Blasting Reproach and All-Pervading Light: Frederick Douglass’s Aspirational American Exceptionalism,
Available at: https://digitalcommons.law.byu.edu/faculty_scholarship/351
Some scholars critique American exceptionalism as a proud, uncritical orientation. In this article, however, I argue that Frederick Douglass, an outspoken social critic, qualifies as an American exceptionalist thinker. I first identify and theorize two modes of exceptionalist rhetoric: accomplished exceptionalism, which is self-celebratory and largely uncritical, and aspirational exceptionalism, which is self-critical and reflective. I then provide a close reading of “What to the Slave Is the Fourth of July” to show how Douglass employs aspirational rhetorical techniques. Finally, I discuss the benefits of reading Douglass as an exceptionalist thinker and suggest that his aspirational rhetoric activates reflective and progressive modes of American citizenship.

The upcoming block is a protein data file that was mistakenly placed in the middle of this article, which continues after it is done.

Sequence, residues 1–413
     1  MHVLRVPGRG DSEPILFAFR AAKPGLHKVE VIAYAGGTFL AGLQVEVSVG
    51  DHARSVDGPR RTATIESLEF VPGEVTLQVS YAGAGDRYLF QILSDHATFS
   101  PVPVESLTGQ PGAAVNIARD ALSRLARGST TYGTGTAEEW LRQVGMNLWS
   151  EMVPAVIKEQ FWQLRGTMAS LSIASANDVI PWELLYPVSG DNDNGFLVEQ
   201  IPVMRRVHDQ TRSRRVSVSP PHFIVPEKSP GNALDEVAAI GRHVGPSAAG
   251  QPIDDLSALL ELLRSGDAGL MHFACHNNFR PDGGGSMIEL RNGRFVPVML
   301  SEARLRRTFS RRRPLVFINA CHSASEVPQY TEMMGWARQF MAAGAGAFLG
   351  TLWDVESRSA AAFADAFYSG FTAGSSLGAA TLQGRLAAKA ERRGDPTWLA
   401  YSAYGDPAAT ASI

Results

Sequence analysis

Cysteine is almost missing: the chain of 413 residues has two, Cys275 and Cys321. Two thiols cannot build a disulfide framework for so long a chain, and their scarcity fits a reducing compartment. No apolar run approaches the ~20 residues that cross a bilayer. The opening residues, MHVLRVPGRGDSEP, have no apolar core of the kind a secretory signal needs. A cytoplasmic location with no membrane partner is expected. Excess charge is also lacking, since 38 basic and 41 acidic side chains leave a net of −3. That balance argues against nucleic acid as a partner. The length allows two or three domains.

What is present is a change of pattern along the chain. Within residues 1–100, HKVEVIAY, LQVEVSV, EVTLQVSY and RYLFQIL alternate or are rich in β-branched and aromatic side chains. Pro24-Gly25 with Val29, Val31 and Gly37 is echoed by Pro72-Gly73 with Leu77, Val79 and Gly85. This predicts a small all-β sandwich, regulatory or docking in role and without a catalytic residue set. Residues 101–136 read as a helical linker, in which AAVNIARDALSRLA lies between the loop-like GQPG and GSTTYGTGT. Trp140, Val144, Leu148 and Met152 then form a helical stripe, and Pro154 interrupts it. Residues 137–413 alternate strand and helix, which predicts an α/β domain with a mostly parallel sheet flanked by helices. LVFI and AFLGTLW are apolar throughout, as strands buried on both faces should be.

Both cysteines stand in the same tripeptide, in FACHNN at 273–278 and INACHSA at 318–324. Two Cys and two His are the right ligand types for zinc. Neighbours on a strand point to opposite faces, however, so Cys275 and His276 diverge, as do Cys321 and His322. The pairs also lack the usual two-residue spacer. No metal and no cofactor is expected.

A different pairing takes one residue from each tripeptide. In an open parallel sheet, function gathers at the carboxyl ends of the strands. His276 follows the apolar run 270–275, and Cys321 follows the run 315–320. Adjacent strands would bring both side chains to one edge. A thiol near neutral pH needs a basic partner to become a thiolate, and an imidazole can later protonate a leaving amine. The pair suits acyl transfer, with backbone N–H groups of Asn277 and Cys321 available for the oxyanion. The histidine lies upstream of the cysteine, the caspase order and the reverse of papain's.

Original publication: https://www.journals.uchicago.edu/doi/10.1086/709502.
The University of Chicago Press
© 2020 by The Jack Miller Center. All rights reserved.
9 American Political Thought
American Political Thought
Digital Object Identifier (DOI)